Editors’ Note on Updating Content

The built environment is in constant flux, whether from demolition and new construction, renovations and additions, or changing function and use. Social protest and cultural progress can also transform the built environment, as we have witnessed these past several years in efforts to remove monuments to the Confederacy from public spaces. (See “SAH Statement on The Removal of Monuments to the Confederacy from Public Spaces.”)

As a digital publication, SAH Archipedia strives to ensure that its content is up to date and that published texts accurately reflect physical conditions on the ground. To that end, our editors and authors are reviewing individual entries and essays to identify those that need to be updated.

While this work is ongoing and continuous, we want our readers to know that we are prioritizing updates to entries and essays (and illustrations and metadata) dealing with monuments to the Confederacy and memorials that otherwise symbolize oppression to indicate (1) the removal of statues and other forms of dismantling or transformation, (2) the renaming or retitling of buildings, parks, plazas, bridges, streets, and highways, (3) necessary contextualizing and interpretations in light of new historical research and scholarship.

As always, SAH Archipedia’s editors will work with authors and peer reviewers to maintain the highest standards of a scholarly publication.



The Little Bighorn Battlefield National Monument, formerly known as Custer Battlefield National Monument, spans 765 acres outside of Crow Agency, Montana. The national monument includes the site of the Battle of Little Bighorn, fought between the Seventh Regiment of the United States Cavalry and Lakota Sioux, Northern Cheyenne, and Arapaho warriors on June 25 and 26, 1876. It also includes Custer National Cemetery and the Reno-Benteen Battlefield. ...more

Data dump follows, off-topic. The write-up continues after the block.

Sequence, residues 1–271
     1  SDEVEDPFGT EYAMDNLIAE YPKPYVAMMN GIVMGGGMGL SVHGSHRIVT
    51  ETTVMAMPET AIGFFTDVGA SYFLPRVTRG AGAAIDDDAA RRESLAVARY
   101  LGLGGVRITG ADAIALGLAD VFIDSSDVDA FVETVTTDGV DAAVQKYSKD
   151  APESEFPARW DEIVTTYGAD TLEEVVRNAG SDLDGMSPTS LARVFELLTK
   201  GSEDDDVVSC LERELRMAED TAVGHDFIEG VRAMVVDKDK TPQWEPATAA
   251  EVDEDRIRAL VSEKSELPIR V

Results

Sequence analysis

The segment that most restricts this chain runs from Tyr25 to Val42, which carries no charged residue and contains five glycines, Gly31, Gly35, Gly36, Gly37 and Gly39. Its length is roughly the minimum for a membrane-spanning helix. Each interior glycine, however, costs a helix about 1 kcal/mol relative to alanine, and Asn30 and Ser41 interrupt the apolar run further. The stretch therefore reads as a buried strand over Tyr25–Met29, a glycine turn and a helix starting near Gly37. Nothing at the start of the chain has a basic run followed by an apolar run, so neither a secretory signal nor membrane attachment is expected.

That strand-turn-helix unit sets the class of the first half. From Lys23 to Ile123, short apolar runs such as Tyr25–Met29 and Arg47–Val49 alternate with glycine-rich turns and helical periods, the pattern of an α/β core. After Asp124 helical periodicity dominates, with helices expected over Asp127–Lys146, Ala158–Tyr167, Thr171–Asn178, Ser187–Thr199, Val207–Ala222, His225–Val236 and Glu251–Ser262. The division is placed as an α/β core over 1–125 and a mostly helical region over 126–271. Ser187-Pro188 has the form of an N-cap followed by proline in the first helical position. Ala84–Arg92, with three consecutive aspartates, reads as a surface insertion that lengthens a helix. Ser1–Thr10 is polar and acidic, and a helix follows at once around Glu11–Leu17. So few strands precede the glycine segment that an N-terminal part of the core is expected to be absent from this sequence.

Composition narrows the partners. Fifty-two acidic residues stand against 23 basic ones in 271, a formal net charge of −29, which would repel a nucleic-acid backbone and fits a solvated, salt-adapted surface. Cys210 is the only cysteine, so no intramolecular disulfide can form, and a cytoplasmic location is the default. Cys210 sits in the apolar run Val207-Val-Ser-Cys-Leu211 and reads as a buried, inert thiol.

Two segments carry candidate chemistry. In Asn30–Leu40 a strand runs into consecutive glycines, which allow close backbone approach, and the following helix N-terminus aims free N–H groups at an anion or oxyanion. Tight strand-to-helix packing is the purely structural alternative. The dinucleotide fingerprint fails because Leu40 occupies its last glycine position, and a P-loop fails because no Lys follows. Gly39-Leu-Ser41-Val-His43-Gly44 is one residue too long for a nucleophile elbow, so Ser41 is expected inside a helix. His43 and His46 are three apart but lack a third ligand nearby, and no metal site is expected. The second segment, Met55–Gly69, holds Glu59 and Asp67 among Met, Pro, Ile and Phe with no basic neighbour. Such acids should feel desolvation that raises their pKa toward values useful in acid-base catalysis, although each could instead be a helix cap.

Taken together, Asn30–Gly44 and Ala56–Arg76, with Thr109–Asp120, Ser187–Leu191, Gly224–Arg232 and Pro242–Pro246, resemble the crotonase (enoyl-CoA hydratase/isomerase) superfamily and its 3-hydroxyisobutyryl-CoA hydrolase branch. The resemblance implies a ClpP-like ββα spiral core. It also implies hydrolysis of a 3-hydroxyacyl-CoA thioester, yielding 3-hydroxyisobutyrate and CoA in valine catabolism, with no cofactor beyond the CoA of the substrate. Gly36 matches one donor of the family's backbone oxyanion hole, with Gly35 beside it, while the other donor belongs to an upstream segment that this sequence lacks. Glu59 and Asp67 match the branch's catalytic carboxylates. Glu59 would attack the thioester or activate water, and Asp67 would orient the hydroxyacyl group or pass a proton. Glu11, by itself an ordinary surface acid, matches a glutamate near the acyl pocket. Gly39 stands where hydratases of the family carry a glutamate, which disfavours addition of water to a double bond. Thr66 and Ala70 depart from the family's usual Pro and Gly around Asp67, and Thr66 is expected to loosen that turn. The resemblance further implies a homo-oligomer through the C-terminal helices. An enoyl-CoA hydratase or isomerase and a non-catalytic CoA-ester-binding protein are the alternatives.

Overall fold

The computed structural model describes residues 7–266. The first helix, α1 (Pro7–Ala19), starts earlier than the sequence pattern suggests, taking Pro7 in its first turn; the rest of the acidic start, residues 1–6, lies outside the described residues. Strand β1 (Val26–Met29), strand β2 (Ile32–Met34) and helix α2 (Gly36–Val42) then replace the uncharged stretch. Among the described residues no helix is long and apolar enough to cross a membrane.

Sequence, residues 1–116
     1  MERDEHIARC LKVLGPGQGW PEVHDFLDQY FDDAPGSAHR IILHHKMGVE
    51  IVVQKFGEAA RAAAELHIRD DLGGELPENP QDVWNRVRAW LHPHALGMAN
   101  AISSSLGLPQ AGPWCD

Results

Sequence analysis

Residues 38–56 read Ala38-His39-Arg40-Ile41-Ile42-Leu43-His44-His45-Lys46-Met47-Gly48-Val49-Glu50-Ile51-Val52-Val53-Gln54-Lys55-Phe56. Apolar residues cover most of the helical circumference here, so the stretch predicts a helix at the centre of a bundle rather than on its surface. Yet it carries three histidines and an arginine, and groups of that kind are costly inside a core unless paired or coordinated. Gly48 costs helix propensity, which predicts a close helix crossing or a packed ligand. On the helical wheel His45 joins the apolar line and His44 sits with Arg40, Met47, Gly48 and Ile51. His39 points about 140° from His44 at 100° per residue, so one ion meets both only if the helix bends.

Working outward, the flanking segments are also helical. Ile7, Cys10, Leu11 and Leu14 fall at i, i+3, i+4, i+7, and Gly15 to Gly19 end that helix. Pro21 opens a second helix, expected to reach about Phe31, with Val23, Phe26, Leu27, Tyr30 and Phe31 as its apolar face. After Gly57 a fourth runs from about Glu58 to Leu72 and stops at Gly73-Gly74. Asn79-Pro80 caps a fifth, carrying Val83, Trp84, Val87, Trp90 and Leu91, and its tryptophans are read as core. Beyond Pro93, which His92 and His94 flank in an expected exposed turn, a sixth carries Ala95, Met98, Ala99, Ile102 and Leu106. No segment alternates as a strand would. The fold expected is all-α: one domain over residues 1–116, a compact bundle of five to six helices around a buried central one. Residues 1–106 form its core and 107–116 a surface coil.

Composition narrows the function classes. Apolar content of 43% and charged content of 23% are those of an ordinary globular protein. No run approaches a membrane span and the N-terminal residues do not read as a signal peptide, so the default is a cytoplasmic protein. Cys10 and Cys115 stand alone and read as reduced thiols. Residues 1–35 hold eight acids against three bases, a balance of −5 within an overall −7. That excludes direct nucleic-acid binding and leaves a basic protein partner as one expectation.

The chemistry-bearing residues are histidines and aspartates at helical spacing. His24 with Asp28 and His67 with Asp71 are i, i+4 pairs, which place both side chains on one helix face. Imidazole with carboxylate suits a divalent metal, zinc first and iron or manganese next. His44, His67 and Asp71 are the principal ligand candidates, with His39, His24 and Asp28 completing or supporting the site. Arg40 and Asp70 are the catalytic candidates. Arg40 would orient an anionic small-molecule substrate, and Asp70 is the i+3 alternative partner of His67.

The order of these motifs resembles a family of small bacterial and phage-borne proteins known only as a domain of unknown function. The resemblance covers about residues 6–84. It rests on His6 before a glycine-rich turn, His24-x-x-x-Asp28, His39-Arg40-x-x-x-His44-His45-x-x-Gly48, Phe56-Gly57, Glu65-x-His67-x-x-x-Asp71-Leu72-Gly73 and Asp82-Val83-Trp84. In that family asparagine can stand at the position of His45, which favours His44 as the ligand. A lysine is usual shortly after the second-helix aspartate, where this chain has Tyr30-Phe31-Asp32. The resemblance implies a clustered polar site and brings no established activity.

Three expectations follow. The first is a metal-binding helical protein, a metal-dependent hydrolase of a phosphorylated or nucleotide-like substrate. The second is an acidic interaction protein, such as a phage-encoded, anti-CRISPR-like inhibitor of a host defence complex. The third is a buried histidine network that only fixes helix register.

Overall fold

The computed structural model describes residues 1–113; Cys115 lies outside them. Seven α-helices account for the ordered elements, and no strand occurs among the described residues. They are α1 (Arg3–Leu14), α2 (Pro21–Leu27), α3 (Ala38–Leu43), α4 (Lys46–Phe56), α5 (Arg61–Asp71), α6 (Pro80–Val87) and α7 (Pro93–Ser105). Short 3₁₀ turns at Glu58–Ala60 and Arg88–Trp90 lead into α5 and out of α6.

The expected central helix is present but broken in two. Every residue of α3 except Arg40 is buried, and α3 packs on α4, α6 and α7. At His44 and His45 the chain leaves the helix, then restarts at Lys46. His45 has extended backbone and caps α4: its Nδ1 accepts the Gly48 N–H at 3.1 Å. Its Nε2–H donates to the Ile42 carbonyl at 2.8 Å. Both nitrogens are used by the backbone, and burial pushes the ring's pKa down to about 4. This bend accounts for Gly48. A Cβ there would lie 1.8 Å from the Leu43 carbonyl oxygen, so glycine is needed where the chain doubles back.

At the core of this peculiar steel-frame structure is the restaurant that was located until 1980 on the first level of the Eiffel Tower in Paris, 562 feet above the ground. Because the structure’s weight was causing the tower to sag, it was dismantled and sold to New Orleans investors. The 11,000 pieces were shipped to New Orleans and reassembled as a new restaurant. The polygonal...more


Niagara Falls is a group of three distinct waterfalls—Horseshoe Falls, the American Falls, and the Bridal Veil Falls—on the border between the United States and Canada. The waterfalls, often described as a natural wonder, have been a major tourist attraction since the early nineteenth century. Although the U.S. government declared the area a work of “conservation” when it ... more


The Round Church is a unique extant product of a related set of experiments in meetinghouse construction in New Hampshire and Vermont. The sixteen-sided, two-story frame building, fifty feet in diameter, rises through a hipped roof to a two-stage octagonal belfry, terminating in a bellcast cap and weathervane. Detailing is limited to a plain frieze beneath the eaves of the main body, Doric columns on the belfry, and simple entablatures on tapering Doric pilasters that surround doors on three faces. The elegantly... more